December 24, 1989 |
Eve of Destruction (Interscope/Nelson). Shooting in New York and Los Angeles. Gregory Hines and Renee Soutendijk star in this sci-fi thriller concerning a scientist who develops a powerful robot in her own image. The project ultimately goes awry and the creator must stop her creation from killing innocent thousands. Producer David Madden. Director Duncan Gibbins. Screenwriters Yale Udoff and Gibbins. Distributor Orion. Twisted Justice (Hero). Shooting in S. California.
September 27, 1992 |
The usual ambition for a Hollywood producer flush with success for making a sleeper hit like "The Hand That Rocks the Cradle" would be to move up the ranks with a more prestigious project the next time. An all-star cast. A bigger budget. A deal that includes a percentage of the box-office grosses. But not David Madden, who has just acquired one of the longest monikers in filmdom; writer-director-producer-studio executive.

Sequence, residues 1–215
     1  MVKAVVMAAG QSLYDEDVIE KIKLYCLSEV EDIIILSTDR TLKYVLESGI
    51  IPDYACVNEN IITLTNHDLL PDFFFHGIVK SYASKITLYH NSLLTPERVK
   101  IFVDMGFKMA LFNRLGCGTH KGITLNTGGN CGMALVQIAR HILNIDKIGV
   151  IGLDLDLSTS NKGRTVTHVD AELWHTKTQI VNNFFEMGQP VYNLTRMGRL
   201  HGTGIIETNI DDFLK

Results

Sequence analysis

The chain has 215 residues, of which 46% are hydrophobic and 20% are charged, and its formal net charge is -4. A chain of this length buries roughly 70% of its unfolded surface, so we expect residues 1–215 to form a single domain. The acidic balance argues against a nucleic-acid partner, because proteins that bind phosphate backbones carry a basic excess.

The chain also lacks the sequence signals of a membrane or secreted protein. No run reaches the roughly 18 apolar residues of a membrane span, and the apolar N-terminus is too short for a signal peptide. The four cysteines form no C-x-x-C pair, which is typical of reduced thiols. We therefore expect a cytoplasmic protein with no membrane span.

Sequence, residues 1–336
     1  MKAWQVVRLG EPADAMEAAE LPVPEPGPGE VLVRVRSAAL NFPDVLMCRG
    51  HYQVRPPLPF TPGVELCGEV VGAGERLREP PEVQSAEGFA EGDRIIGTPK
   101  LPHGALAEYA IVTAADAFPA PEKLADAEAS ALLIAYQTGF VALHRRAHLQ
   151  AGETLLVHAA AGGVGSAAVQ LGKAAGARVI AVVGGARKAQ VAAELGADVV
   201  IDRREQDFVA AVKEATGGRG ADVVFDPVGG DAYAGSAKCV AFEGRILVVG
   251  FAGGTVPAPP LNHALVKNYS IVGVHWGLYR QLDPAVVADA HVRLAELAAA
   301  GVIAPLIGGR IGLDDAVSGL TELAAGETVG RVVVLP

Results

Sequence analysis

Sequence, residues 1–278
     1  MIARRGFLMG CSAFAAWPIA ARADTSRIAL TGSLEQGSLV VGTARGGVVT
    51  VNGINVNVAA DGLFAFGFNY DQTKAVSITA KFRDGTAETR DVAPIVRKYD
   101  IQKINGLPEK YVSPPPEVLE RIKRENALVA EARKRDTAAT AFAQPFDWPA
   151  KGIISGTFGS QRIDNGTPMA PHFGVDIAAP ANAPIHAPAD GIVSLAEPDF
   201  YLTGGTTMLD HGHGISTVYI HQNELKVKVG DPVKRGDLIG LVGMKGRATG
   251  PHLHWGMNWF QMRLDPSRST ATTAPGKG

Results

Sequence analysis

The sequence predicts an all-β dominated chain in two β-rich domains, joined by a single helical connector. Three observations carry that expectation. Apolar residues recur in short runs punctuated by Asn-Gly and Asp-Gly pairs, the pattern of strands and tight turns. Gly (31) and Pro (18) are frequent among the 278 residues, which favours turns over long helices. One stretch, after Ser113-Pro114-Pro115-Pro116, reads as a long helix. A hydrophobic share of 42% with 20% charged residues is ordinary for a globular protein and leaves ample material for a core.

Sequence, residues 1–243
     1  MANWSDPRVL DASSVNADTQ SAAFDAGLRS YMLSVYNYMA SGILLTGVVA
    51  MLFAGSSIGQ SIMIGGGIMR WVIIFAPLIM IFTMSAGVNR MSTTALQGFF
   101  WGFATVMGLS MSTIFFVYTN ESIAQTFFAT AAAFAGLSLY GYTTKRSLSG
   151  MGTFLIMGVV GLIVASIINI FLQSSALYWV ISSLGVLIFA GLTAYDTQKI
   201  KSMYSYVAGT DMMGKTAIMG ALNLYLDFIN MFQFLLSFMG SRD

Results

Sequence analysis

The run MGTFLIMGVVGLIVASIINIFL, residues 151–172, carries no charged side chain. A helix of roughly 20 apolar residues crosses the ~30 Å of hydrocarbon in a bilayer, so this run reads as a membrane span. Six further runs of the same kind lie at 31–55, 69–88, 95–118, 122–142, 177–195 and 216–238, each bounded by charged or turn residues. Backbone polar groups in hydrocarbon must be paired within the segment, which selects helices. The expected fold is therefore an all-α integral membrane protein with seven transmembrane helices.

February 23, 1986 |
Three years ago this month, a hopeful young writer living in Texas mailed a stack of letters to Hollywood producers asking if he might send them his screenplay, "The Hitcher." The letter concluded: "It (the story) grabs you by the guts and does not let up and it does not let go. When you read it, you will not sleep for a week. When the movie is made, the country will not sleep for a week."
October 13, 2003 |
Chronically high blood pressure can cause a decline in some mental processes, but it doesn't appear to accelerate the deficits that come with natural aging. Researchers at Duke University Medical Center in Durham, N.C., divided 96 volunteers into two groups: 48 had either high-normal blood pressure (called prehypertension) or high blood pressure, and 48 had normal blood pressure.
November 20, 1995 |
"Separate Lives" is the direct-to-video version of "Never Talk to Strangers," which itself staked out the lowest-common-denominator audience. Both movies concern imperiled psychiatrists who themselves are borderline bonkers; both have private investigators getting romantic with their subjects; both have the same banal revelation at their finales.